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Humming exercises and Head voice

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jzhang172
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Humming

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Weeee Weeee exercises for Head voice

I feel like I'm straining too much and am unable to hit middle C to high C comfortably. Any suggestions on how I can fix this? Also, I don't know if I'm doing head voice exercises right, it feels like I'm going falsetto.

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I am not expert, but I would say you have support issues, and you need to work on smoothing out your passaggio. What I did first before I tried to learn anything else is to take the time to warm up. Before I do any vocal exersises, I spend about a half an hour doing lip bubbles (and that is not counting the time I take to do them in the shower lol). The humming you are doing should be effortless - you should really only make enough sound to vibrate your lips a little. And the "we we we" seems like it may to a hard vowel to use. ee is I believe a closed vowel. Try and open vowel like ah or eh. Consider investing some $$ into a singing program. I have Roberts program, (The Four Pillars of Singing) and I love it. At the very least, take a skype lesson with someone, Robert offers them as well as many others. I have only had Roberts system for a month and a half - ish, and already I can feel a difference in the amount of tension that I have - which is next to none. Back to warm ups - I pretty much do lip bubbles until my voice doesn't crack betwen chest and head voice. Sometimes a half hour - sometimes an hour. Whatever you do, stop straining. If you feel like you are straining, stop. Straining is bad.

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Wee exercise:

To me it sounds like you were pulling falsetto down (or is it head voice?). You're hitting a "floor" where you can't go any lower with falsetto, and breaking very abruptly into chest at the end.

The reason I say this is because the bottom notes of your arpeggio are sharp and you are basically singing the same note at the bottom of the arpeggio during the middle of the exercise, although the chord is changing.

Listen to your humming clip and find out where your break is (near the end, where your voice seems a bit out of control). Basically you have to be in head voice (light coordination) above that break, and in chest voice below.

I'm no expert either... and I also really suggest you find a good teacher. I'm resuming singing lessons tomorrow because it's very frustrating for me to try figure it out on my own.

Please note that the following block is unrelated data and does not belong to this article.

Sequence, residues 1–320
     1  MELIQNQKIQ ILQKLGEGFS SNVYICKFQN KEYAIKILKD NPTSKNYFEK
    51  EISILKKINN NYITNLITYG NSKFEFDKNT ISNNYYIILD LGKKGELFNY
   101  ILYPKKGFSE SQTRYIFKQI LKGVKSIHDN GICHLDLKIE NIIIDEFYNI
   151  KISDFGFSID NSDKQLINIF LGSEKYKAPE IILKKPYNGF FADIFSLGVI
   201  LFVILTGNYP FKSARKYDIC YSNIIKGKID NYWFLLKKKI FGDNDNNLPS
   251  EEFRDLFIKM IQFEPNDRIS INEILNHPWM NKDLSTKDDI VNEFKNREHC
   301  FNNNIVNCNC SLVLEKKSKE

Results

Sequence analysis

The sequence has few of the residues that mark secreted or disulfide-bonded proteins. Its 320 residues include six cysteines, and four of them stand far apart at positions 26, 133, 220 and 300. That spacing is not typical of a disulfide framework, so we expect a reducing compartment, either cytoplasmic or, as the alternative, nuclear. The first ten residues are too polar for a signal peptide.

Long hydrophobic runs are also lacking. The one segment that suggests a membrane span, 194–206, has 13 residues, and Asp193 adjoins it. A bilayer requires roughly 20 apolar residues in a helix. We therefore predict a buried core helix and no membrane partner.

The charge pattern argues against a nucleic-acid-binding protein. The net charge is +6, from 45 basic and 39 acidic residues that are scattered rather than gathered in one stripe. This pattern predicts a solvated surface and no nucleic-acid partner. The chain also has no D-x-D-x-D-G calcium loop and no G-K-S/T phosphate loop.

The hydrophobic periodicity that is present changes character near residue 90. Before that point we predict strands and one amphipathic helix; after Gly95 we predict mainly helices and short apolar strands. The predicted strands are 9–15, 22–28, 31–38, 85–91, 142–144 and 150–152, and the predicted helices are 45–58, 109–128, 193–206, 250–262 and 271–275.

Nick

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just want to make a point of something you may not be aware of. try to remember to practise learning to inhale silently. open up the throat (like a yawn) and let the air in silently. get into that habit. it will keep you from drying out the folds, and help you breathe more efficiently and less effortful.

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To me it sounds like you were pulling falsetto down (or is it head voice?). You're hitting a "floor" where you can't go any lower with falsetto, and breaking very abruptly into chest at the end.

The reason I say this is because the bottom notes of your arpeggio are sharp and you are basically singing the same note at the bottom of the arpeggio during the middle of the exercise, although the chord is changing.

Listen to your humming clip and find out where your break is (near the end, where your voice seems a bit out of control). Basically you have to be in head voice (light coordination) above that break, and in chest voice below.

I'm no expert either... and I also really suggest you find a good teacher. I'm resuming singing lessons tomorrow because it's very frustrating for me to try figure it out on my own.

Nick

Nick, Falsetto is in the Head voice regester. We (meaning the male voice) have two regesters. One being the Chest voice and the other is Head voice. The chest voice is the lower and normal singing range for a singer. The head voice is the higher voice were it needs to make a change. Everyone point of change is different.

Gary Gee

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Nick, Falsetto is in the Head voice regester. We (meaning the male voice) have two regesters. One being the Chest voice and the other is Head voice. The chest voice is the lower and normal singing range for a singer. The head voice is the higher voice were it needs to make a change. Everyone point of change is different.

Gary Gee

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Gary, your information is incorrect and out-of-date.

Falsetto is not head register. It is a tonal effect that often happens in the note range of head register. It is characterized by incomplete fold adduction, lots of air, lack of or minimal resonant quality. But it is not head voice or head register. And that's not just me saying that. That's pretty much everyone from Dr Fillebrown in the beginning of the 20th century to Robert Lunte, today, this very moment, knowing that falsetto is not head register or head voice.

And welcome to the forum.

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